• You spend at least 35 hours a week caring for someone
  • You are not in full-time education
  • You are not studying for 21 hours a week or more
  • Your earnings are £128 or less a week after tax, National Insurance and expenses

If your earnings are sometimes more than £128 a week you might still be eligible for Carer’s Allowance. Your average earnings may be calculated to work out if you’re eligible

Before claiming Carer’s Allowance please seek advice as it can have an impact on the benefit entitlement of the person you are caring for.

An award of Carers Allowance may create entitlement to other means-tested benefits, or an increase to existing ones. Please seek further advice to ensure you are in receipt of everything you are entitled to.

The weekly rate for this benefit in 2020/21 is £67.25 a week.

Council Tax Reduction/Discount Schemes

Disability Reduction Scheme for Council Tax (Disabled Band Reduction Scheme)

This is a non-means-tested reduction and therefore not dependent on income and capital.

A reduction on your Council Tax bill can be made if you or someone in your home is ‘substantially and permanently disabled’ and one of the following applies. You:

  • Have a room (other than a bathroom, kitchen or toilet) which is used to meet your needs e.g. for the purposes of dialysis, treatment or for the storage of equipment
  • Have a second bathroom or kitchen used to meet your needs
  • Have enough space in your home to use a wheelchair indoors

If any of these apply, the bill for your dwelling is reduced to the next lowest band. If you are already in a band A property, you will have your bill reduced by one sixth.

The reduction can be backdated but this may be limited to six years.

Contact your local council for further details and an application form.

Severe Mental Impairment disregard for Council Tax

People who are severely mentally impaired are not included when working out Council Tax bills.

  • Someone in the household needs to diagnosed as having a “severe mental impairment” that appears to be permanent. This might be due to such conditions as dementia, severe learning difficulties or another condition that causes a “severe impairment of intelligence and social functioning. You will need a certificate from your doctor confirming this.
  • In receipt of one of the following benefits, Personal Independence Payment (standard or enhanced daily living component) Attendance Allowance (any rate) an adult in receipt of Disability Living Allowance care component at the middle or higher rate. 

If you meet the criteria and live with one other person who is not severely mentally impaired then you will receive a 25% discount on your Council Tax.

If everyone in the house has a severe mental impairment then an exemption for the whole property is applied and there will be nothing to pay.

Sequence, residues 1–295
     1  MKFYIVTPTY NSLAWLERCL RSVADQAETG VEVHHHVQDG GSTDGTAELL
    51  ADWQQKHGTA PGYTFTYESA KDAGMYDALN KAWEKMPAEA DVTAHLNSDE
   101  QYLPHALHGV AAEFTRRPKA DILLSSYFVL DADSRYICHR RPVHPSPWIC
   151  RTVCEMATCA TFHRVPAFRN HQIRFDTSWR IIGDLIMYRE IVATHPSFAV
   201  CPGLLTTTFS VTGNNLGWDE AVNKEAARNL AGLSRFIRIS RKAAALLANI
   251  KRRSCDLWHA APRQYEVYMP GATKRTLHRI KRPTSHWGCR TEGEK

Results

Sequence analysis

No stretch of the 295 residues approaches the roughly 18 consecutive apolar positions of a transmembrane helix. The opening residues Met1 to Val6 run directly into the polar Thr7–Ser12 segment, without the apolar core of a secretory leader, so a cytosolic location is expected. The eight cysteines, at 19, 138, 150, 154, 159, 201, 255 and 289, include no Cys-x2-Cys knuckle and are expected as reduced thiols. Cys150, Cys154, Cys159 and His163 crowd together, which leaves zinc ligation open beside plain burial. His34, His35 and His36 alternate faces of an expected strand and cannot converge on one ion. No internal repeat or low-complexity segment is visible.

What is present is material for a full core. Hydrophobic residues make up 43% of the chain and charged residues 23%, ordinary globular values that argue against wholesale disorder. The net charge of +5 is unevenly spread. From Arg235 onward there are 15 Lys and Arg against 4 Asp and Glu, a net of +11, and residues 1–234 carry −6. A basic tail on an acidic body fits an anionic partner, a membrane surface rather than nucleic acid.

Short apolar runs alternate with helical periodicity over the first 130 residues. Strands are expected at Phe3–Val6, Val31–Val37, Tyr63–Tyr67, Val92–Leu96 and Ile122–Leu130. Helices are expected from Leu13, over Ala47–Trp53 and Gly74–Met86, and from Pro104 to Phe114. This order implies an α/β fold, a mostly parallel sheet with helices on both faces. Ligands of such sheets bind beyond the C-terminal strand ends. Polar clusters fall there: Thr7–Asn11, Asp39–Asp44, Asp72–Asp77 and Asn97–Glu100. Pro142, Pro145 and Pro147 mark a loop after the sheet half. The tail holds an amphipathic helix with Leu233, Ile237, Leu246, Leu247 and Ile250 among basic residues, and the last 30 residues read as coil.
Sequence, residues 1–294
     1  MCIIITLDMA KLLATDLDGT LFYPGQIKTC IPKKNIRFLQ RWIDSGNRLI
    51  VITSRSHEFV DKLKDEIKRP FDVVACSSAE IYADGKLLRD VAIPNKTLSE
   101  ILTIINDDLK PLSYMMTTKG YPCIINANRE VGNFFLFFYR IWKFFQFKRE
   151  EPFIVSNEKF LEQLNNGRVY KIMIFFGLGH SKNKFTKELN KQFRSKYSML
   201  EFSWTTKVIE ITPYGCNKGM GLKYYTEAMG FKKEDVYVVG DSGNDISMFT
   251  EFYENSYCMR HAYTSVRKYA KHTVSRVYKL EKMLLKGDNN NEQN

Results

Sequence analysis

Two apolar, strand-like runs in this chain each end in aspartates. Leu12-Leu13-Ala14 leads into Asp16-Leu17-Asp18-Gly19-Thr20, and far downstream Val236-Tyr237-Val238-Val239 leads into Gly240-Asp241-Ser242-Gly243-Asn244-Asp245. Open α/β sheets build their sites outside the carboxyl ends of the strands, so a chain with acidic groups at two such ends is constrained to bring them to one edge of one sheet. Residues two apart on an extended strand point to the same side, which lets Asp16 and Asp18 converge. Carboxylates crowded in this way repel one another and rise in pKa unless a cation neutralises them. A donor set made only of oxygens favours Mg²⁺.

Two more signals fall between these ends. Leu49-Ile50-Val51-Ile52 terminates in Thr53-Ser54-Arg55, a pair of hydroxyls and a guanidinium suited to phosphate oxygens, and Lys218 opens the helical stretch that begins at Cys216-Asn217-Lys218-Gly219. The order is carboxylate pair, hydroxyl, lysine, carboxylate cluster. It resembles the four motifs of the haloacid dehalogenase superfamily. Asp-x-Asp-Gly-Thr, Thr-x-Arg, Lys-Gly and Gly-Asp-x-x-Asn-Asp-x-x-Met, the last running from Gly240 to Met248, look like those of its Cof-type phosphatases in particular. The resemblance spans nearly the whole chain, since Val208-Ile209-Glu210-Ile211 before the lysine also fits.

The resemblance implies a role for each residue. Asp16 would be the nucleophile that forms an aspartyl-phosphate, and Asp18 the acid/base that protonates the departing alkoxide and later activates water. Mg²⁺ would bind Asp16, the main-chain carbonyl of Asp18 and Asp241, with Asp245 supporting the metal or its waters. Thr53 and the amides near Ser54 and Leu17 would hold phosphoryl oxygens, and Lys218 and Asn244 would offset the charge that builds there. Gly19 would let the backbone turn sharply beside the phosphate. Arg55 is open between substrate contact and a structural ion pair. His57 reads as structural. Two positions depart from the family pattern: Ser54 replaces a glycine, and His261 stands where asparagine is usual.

If you are considered severely mentally impaired but live with two or more adults who are not severely mentally impaired you will not get any discount on your Council Tax.

To apply for this benefit contact your local council. In Wales there is a national scheme.

Carer Disregard for Council Tax

You are disregarded as an occupant of the property if you are a live-in carer looking after someone. The person you care for cannot be your husband, wife, civil partner or your child under 18. If you are the carer of a child under 18 you can be disregarded if you are not their parent. 

You must care for the person for at least 35 hours of care a week and they must be in receipt of either:

  • Any rate of Attendance Allowance
  • the middle or highest rate of the care component of Disability Living Allowance
  • Any rate of the daily living activity component of Personal Independence Payment
  • An increase in his or her disablement pension
  • An increase in Constant Attendance Allowance.

The carer does not have to be in receipt of Carer’s Allowance to be disregarded.

Care workers living at a property may also be disregarded for Council Tax purposes.

To be considered a care worker, they will need to meet the following conditions:

  • They provide support or care to another person at the same address
  • They are employed to provide support or care to that person, and were introduced to him or her by a charity or local authority
  • They earn no more than £44 per week
  • They work for at least 24 hours a week
  • They live where the care is given or in premises which have been provided for the better performance of the work.


Note: This is not an exhaustive list. For more information on council tax discounts contact your local council.

This information is meant for general advice only and to provide an indication of possible entitlement. It is not exhaustive. Every effort has been made to ensure that the information is correct. However, as the benefits system is complicated and legislation can change, we recommend that you should always seek expert advice on your personal situation when in doubt.

How CABA can help

CABA supports the wellbeing of past and present ICAEW members, ACA students, ICAEW staff members, and their spouses, partners and children up to the age of 25. For advice, information and support please:

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Last updated: Aug 2020